Diet, parental behaviour and preschool can boost children's IQ
25th January 2013
Supplementing children’s diets with fish oil, enrolling them in nursery and engaging them in interactive reading all turn out to be effective ways to raise a young child’s intelligence, according to a new report published in Perspectives on Psychological Science, a journal of the Association for Psychological Science.
Using a technique called meta-analysis, the researchers combined the findings from existing studies to evaluate the overall effectiveness of each type of intervention. They were then able to create a database to learn what works and what doesn’t work to raise people’s intelligence. All of the studies in the database rely on a normal population (participants without clinical diagnoses of intellectual disabilities), focus on interventions that are sustained over time, use widely accepted measures of intelligence and are randomly controlled trials (participants selected at random to receive one of the interventions).
Overall, the results of the meta-analyses indicated that certain dietary and environmental interventions can be effective in raising children’s IQ. Supplementing pregnant women and newborns with long-chain polyunsaturated fatty acids, foods rich in Omega-3, were found to boost children’s IQ by more than 3.5 points. These essential fatty acids may help raise intelligence by providing the building blocks for nerve cell development that the body cannot produce on its own. There is insufficient research, however, to determine whether other types of supplements — including iron, B-complex vitamins, riboflavin, thiamine, niacin, and zinc — have beneficial effects on intelligence.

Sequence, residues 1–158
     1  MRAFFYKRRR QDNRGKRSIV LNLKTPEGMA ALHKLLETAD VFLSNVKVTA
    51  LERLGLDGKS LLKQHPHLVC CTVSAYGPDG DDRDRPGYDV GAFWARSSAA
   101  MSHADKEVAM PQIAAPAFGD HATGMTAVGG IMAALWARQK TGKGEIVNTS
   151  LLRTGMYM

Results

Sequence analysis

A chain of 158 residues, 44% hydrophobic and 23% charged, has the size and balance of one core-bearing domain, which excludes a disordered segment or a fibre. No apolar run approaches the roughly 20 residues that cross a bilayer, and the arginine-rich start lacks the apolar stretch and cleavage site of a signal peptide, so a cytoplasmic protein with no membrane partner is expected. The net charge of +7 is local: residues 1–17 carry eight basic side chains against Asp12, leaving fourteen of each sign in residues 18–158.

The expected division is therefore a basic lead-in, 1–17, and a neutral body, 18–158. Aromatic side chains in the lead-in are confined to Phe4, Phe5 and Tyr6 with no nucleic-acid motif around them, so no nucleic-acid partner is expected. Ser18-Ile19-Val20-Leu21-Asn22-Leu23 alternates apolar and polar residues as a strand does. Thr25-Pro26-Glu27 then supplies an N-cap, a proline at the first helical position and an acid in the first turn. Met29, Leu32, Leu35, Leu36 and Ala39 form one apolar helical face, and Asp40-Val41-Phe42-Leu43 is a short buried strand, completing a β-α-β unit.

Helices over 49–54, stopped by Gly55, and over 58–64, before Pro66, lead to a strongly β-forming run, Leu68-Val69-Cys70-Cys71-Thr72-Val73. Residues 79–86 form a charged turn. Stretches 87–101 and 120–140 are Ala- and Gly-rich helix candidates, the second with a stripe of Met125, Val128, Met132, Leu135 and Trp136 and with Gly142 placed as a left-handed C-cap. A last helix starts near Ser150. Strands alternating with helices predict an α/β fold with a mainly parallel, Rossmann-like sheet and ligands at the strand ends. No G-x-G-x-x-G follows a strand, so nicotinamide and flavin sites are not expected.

Enrolling an economically disadvantaged child into an early education intervention was found to raise his or her IQ by more than four points; interventions that specifically included a center-based education component raised a child’s IQ by more than seven points. The researchers hypothesized that early education interventions may help to raise children’s IQ by increasing their exposure to complex environments that are cognitively stimulating and demanding. It’s not clear, however, whether these results apply more broadly to kids from different socioeconomic backgrounds.
Interventions focused on interactive reading — teaching parents how to engage their children while reading with them — were found to raise children’s IQ by over 6 points. These interventions do not seem to have an effect for children over 4 years old, suggesting that the interventions may accelerate language development, which, in turn, boosts IQ.
Sending a child to preschool was found to raise his or her IQ by more than four points, and preschools that include a language development component were found to boost IQ by more than seven points. The link between preschool and intelligence could be a function of increased exposure to language or the result of the overall cognitive complexity of the preschool environment.
“Our current findings strengthen earlier conclusions that complex environments build intelligence, but do cast doubt on others, including evidence that earlier interventions are always most effective,” Protzko explained. “Overall, identifying the link between essential fatty acids and intelligence gives rise to tantalizing new questions for future research and we look forward to exploring this finding.”
Protzko J et al. How to Make a Young Child Smarter: Evidence From the Database of Raising Intelligence. Perspectives on Psychological Science, 2013; 8 (1): 25 DOI: 10.1177/1745691612462585
Categories: Nutritional News, Children's Health